Dwyane Wade unveiled a new line of clothes at Saks Fifth Avenue this week, and Sports Illustrated was there for a Q&A with him. They asked the Chicago Bulls former All-Star and future Hall of Famer what his favorite rap lyric that mentions his name is.
His answers was the obvious one, from Jay-Z’s “Empire State of Mind” featuring Alicia Keys:
RN: What’s your favorite rap lyric mentioning Dwyane Wade?
DW: Jay-Z, when he said “If Jeezy’s paying LeBron, then I’m paying Dwyane Wade.” That wasn’t my first rap song that I was in, but that was mainstream.
RN: That’s, uh, about drugs.
DW: I know. Definitely. I like the wordplay. But another one that I have to give homage to, it never became like a huge song like that, but it was Kanye West.
RN: “The Glory!”
DW: “In two years Dwayne Wayne became Dwyane Wade.” That’s a good one.
RN: That’s a very underrated song.
DW: Very underrated, man.
The lyrics, via Rap Genius:
It actually turns out that Rap Genius had Wade provide his own commentary for the lyrics. Here’s what he said:
This is when I felt like I made it in pop culture. Once Jay Z did it, I felt like I was on that respect level of artists that I respect. I remember where I was, I was with my guys and we were hanging out and somebody texted me like, “Yo, listen to this song.” So I listened to it and then when I heard it, I’m like, “Did he just say what I think he said?”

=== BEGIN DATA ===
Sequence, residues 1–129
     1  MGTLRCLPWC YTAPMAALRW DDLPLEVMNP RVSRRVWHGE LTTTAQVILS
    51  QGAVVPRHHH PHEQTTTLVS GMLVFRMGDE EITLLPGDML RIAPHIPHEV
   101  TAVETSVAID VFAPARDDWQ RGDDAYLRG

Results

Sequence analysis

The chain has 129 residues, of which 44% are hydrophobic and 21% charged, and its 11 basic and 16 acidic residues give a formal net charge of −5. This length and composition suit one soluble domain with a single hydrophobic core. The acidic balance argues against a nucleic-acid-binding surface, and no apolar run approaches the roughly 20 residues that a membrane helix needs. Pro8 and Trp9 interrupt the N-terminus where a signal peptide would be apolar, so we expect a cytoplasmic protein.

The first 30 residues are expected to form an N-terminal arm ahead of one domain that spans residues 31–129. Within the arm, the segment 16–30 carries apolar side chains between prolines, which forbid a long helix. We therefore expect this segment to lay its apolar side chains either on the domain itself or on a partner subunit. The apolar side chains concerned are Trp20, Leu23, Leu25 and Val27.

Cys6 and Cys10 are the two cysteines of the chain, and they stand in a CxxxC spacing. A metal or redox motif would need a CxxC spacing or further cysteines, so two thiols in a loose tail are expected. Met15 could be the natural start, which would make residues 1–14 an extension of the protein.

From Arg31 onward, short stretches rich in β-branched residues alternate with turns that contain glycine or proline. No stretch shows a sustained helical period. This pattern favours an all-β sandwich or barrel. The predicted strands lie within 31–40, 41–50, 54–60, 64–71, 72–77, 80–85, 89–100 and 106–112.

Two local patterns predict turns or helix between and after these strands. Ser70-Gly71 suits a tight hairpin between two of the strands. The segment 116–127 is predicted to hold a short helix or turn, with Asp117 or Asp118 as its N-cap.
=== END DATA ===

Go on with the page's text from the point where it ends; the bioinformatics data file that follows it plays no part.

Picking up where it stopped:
It’s a lot of different references and obviously Jay Z has his own. Some people from the street have a street reference to it. So I don’t really know. I just know Jeezy came out with that song about Kobe and LeBron, “23, 24” and then he came back and said that. So I didn’t care what it was about. I was just glad that my name was associated in a big song like that, for the city of New York. It’s huge.
You know, when you’re young, you put your name in songs. You’re like “Oh, my name would sound right, there.” So when I first got in the league, I was like, “If I could just get one big artist to say my name, that would be so cool. That would be dope.” And I got a few not only just mention my name, but really be punchlines in songs and I think that’s the dopest part of it. For someone to sit down and write a classic that is going to be a hit, and think about putting you in there as a punchline, that’s pretty special.
Not a bad recognition of the man’s fame, even if the lyrics are about selling drugs.